Rear Admiral Morley:  Justin, if you’ll – and I can take that question.

Moderator:  Very good.  Go ahead.

Rear Admiral Morley:  So to answer the – and thank you for the question.  As I outlined in my opening remarks, the majority of the experimentation and new equipment that we’re trialing in this exercise are in the mine warfare area of warfare.  So we’ve got a high number of mine warfare platforms taking part this year, probably more than usual, from a range of nations.  And we’ll be using a range of both conventional and autonomous systems that various nations are trialing in the exercise to give them some real-world context and to test them alongside conventional capability.

We can provide you with a bit more detail on that, if you want, in either a separate session or we can provide you with the actual detail.  I know Janes is particularly interesting in this particular aspect.  So we are very happy to provide that separately.  Over.

Moderator:  Great.  Thank you very much for that.  We have another question from Nadarajah Sethurupan with Norway News.  Please go ahead.

Question:  Hello.  My question is the Russian cyber company’s activities within NATO countries, especially in Amsterdam, they’re having some cyber operation in Amsterdam against the NATO countries.  How U.S. can respond to this?

Vice Admiral Black:  Nadarajah, Admiral Black here.  Thanks for your question.  I don’t really want to get into operational matters with regard to cyber.  Over.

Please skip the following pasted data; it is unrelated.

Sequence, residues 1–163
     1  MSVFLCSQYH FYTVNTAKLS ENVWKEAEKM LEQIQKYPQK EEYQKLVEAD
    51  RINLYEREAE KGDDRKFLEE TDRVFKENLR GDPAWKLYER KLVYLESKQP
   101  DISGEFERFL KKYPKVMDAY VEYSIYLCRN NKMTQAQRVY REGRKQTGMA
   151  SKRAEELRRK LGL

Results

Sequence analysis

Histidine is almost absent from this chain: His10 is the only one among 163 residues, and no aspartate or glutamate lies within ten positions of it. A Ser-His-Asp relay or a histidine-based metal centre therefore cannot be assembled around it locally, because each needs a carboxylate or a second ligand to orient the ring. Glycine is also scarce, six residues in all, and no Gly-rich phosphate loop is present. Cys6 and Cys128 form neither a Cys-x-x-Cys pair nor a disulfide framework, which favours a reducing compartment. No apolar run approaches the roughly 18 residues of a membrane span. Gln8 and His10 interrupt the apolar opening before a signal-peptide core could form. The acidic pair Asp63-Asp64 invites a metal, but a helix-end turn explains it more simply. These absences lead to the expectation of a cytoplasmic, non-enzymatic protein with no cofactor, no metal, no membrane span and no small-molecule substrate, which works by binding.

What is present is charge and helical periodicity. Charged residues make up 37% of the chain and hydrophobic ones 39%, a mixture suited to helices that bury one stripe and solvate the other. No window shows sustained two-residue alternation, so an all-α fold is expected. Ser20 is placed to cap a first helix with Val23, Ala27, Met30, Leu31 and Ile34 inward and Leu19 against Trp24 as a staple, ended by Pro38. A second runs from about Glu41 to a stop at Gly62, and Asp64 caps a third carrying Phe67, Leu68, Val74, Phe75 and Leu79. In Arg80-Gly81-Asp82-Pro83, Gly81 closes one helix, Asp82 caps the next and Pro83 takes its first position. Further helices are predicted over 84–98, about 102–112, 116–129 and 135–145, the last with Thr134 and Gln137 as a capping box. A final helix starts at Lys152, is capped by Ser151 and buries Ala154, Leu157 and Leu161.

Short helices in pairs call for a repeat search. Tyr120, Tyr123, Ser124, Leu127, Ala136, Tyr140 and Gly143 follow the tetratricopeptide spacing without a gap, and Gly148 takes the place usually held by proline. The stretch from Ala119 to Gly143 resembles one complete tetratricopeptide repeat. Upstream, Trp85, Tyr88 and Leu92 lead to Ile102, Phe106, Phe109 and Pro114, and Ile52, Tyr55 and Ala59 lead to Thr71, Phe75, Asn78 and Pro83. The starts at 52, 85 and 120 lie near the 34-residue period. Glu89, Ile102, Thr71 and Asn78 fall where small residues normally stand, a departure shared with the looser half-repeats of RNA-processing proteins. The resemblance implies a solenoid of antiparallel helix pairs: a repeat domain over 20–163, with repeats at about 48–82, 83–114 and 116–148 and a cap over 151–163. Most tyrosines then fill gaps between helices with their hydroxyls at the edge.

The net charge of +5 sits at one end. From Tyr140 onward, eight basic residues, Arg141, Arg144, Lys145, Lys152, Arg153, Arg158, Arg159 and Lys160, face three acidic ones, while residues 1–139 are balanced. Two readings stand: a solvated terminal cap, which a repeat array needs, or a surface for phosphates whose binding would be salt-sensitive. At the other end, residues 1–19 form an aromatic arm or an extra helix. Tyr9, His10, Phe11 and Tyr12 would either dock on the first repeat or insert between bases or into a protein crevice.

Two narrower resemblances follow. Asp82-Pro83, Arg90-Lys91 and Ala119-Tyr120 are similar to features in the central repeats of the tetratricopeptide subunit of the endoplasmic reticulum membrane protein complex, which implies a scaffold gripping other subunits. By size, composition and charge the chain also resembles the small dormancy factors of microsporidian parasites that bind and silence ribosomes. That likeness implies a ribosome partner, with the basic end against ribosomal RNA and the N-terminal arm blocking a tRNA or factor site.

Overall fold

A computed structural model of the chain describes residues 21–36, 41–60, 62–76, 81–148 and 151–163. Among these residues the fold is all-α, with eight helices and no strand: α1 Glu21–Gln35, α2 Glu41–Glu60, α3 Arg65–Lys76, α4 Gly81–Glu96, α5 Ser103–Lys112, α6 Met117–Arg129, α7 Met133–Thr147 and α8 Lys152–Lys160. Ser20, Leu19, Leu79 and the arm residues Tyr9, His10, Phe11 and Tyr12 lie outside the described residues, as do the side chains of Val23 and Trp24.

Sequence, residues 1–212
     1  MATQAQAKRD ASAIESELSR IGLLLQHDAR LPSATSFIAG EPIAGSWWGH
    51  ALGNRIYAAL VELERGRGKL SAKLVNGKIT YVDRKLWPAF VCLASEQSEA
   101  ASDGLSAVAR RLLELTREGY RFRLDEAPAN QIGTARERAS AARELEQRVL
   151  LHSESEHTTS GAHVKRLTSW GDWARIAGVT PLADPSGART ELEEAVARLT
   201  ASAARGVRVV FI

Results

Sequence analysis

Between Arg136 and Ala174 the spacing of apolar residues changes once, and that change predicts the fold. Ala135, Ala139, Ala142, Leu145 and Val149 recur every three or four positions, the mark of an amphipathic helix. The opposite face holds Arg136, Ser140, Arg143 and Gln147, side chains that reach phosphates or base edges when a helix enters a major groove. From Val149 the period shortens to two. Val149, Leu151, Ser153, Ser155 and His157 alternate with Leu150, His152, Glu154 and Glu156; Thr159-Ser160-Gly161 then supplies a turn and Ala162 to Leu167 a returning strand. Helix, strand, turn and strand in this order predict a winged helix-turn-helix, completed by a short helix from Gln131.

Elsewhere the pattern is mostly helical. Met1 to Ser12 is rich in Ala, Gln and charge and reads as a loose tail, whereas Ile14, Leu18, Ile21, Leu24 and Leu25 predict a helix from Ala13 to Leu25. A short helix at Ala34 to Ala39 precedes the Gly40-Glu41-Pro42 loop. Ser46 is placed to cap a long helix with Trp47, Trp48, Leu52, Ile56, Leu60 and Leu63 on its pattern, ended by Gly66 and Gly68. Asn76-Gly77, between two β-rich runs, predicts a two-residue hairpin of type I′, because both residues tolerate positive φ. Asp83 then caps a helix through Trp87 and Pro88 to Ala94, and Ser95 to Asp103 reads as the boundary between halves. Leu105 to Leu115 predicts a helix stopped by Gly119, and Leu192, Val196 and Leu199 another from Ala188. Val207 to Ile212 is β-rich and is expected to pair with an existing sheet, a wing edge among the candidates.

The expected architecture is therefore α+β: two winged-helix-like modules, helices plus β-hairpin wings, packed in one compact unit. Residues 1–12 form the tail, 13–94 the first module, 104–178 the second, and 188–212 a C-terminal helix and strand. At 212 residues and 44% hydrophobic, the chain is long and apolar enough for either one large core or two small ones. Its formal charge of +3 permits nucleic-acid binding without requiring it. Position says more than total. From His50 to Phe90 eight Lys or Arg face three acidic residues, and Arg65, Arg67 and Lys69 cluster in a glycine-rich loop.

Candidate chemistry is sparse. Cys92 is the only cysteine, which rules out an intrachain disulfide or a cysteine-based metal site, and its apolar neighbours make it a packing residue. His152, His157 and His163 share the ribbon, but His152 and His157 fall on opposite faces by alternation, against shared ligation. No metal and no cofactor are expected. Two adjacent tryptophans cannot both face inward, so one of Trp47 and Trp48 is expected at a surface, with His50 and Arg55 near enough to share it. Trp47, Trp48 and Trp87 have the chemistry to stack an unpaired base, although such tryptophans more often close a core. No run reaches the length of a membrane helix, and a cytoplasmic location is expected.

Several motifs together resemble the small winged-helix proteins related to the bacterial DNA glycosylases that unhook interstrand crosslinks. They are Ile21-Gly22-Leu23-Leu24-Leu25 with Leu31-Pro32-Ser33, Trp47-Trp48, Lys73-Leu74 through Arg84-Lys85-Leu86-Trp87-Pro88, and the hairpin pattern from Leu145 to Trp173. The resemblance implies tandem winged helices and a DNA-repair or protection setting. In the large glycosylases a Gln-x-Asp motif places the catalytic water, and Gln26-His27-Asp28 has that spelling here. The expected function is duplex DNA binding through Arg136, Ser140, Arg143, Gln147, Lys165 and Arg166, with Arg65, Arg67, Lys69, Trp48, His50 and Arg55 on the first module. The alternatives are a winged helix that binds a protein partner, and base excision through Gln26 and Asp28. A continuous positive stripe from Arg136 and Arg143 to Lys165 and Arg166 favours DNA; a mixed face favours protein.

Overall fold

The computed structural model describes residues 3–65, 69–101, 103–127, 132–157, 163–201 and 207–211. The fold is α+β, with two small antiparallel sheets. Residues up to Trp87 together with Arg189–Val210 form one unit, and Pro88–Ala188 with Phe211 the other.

Moderator:  Great.  Thank you very much for that.  Let’s see, any final questions for our admirals?

Looks like we have no further questions in the queue, so why don’t we go to our speakers for their closing remarks, starting with Admiral Black.  Please go ahead, sir.

Vice Admiral Black:  Justin, thank you for pulling this together and thank you to all of the folks participating for your interest in BALTOPS.  As we said, this is the 50th iteration of this exercise, and it’s foundational to so many of the things we do as an alliance.  We’re excited to be able to be doing it at sea, and mindful of the COVID restrictions, though, we are still able to have some interactions ashore and among the sailors, which we weren’t able to get last year.

So we very much look forward to this and thank you for your interest.  Over.

Moderator:  And Admiral Morley, any closing remarks?

Rear Admiral Morley:  Thanks, Justin.  Just to repeat: the activity is absolutely a reinforcement of NATO’s commitment to regional security and a stable and prosperous Baltic Sea region, and we’ll be doing everything we can to reinforce that during the period of BALTOPS 50.  To go back to Justin’s question, very happy to take offline some – correction, Nicholas’s question – very happy to provide him with more detail on the specifics of the unmanned systems that we’re trialing during the exercise.  Over.

Moderator:  Thank you very much.  I’d like to thank Vice Admiral Black and Rear Admiral Morley for joining us today, and also thank all the journalists on the line for participating with your questions.  The Brussels Hub will circulate an audio file of the call shortly to those who RSVP’d.  Later today we will also circulate the transcript.  A digital recording of today’s call will also be available for 24 hours.  I will now turn it back over to AT&T to provide instructions on how to access the recording.  This concludes the call.  Thank you very much.

U.S. Department of State